Archer is currently conducting an aircore drill program of 18 holes, to an average depth of 47 metres for a total of 850 drill metres at Franklyn Halloysite-Kaolin Project, which is designed to confirm the extent and quality of the kaolin mineralisation and to collect bulk sample for further testing. The limited work undertaken by the South Australian government here reported halloysite comprising over 15% of one sample.
The company expects to have assays and drill results Assay and drill results from Franklyn ready in less than a month’s time.
“Franklyn and Eyre Peninsula are both large projects with early regional exploration results showing the potential to expand these projects further. Both projects are ideally located to existing infrastructure and easily accessed by existing roads and tracks thereby making exploration easier and relatively low cost,” Archer Executive Chairman Greg English said.
“In addition to the presence of a large kaolin Exploration Target, the confirmation of the presence of halloysite at both the Franklyn and Eyre Peninsula projects increases the potential of these projects.”
Nickel, another critical minerals
In mid-November, the state government of WA announced it would release $4.93 million of funding for nickel and gold exploration in the Eastern Goldfields as part of Western Australia’s Exploration Incentive Scheme (EIS).
It highlights the importance of mining to this country, especially the race for battery minerals.
A third of the applicants are searching for battery commodities, dominated by nickel or nickel-cobalt exploration. Others are looking for vanadium and lithium.
Archer’s WA nickel play is the Albion Downs Nickel Project is in the Eastern Goldfields, located 18km NNW of Mt Keith, Western Australia.
The project is prospective for nickel mineralisation, with historical work proving the same types of rocks containing nickel compounds present at the nearby Mt Keith nickel mine.
The Albion tenement is along strike of the world’s two biggest nickel miners, BHP Billiton owner of Mt Keith, and MPI Mines’ (Norilsk), which operates the Jericho Nickel Project.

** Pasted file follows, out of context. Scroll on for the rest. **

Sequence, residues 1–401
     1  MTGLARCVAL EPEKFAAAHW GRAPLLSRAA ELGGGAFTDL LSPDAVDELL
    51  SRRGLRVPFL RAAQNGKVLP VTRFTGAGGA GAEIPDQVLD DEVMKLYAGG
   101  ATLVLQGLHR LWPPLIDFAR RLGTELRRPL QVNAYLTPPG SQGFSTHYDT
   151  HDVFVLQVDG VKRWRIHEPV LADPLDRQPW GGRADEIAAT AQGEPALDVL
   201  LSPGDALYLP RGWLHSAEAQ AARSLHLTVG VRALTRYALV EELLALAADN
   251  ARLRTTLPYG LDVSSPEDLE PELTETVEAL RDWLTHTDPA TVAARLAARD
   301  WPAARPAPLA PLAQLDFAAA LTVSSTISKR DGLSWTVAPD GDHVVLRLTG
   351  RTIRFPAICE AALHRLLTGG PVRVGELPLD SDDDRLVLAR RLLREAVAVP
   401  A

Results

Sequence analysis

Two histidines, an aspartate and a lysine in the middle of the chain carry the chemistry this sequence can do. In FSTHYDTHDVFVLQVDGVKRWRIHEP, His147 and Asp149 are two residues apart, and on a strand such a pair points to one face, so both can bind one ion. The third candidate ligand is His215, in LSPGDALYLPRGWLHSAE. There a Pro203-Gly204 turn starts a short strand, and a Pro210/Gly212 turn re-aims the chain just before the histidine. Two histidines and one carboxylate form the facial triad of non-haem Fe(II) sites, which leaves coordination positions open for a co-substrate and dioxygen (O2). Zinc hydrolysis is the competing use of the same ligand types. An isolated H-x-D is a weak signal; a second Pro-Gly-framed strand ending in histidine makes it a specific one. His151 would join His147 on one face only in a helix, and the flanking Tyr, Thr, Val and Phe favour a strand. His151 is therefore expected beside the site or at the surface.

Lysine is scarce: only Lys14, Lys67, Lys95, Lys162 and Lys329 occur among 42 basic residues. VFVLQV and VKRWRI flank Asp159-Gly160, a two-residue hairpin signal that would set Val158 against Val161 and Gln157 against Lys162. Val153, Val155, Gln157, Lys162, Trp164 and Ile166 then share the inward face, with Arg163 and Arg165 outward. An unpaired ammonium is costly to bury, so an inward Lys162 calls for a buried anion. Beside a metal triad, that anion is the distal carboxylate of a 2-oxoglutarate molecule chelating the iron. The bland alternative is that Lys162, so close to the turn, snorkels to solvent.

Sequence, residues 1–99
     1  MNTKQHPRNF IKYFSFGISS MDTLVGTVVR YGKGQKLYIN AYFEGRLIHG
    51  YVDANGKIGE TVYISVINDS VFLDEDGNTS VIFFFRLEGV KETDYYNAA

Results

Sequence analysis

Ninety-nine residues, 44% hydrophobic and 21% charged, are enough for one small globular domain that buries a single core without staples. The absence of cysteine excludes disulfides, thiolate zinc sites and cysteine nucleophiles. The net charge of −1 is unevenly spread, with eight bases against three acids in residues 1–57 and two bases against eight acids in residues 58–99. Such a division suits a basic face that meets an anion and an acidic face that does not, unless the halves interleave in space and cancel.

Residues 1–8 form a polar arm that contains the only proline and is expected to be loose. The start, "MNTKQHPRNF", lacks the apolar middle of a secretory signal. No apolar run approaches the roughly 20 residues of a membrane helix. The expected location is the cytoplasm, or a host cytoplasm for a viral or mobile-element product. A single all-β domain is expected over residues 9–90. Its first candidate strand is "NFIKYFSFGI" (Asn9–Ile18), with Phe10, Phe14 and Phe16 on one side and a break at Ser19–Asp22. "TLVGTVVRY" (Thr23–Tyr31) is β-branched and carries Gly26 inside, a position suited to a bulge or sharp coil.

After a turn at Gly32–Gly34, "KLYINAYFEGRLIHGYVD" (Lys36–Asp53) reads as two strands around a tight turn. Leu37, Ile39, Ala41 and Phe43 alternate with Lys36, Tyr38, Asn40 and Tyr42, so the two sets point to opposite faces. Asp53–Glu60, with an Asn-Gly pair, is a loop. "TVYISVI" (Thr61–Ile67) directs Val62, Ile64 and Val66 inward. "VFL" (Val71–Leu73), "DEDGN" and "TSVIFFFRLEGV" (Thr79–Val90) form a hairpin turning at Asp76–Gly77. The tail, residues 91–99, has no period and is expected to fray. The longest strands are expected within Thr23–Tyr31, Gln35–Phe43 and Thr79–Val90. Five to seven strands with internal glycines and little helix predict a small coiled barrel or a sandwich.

So, there is a lot of upside here.
Albion Downs consists of one exploration licence E53/1926 granted in 2018, for which Archer has been reviewing historic information and reviewing the prospectivity of the tenement.
In particular, Archer has been looking at the potential for the discovery for massive, magmatic nickel sulphides.
The potential exists here for Type 1 (e.g. Mount Keith and Jericho) massive sulphides within E53/1926 given the occurrence of massive sulphides at BHP’s Jericho prospect and the presence of disseminated sulphides immediately to the south (Norilsk).
The upside at Albion is that this tenement is underexplored, so given its proximity to BHP and Norlisk’s projects expectations are high.
Archer’s E53/1926 tenement is situated within the northern part of the Norseman-Wiluna greenstone belt of the Eastern Goldfields Province. This region is host to significant gold and nickel deposits.
“We are pleasantly surprised by the results from the review of our Albion Downs Nickel Project,” English said.
“The tenement is within a known nickel province and the potential for accumulation of massive nickel sulphide mineralisation at or near the footwall contact positions of the ultra-mafic remains high.
“We intend to review the existing geophysics and to acquire additional data during this quarter with the expectation of identifying drill targets.”
Diversity is key
Archer has 100% ownership of 22 Exploration Licences for a diverse range of minerals.
Whilst we have looked at graphite, HPA and nickel, as these have been the company’s recent focus, there are an array of other minerals the company is exploring for as it targets prospective areas for high-value commodities such as copper, gold, tungsten and cobalt.
Ongoing, successful drilling programs have been conducted for these minerals.
Here’s a quick overview:
Copper and gold
Archer owns the Blue Hills Copper-Gold Prospect, a large district scale copper anomaly covering an area of 25km2.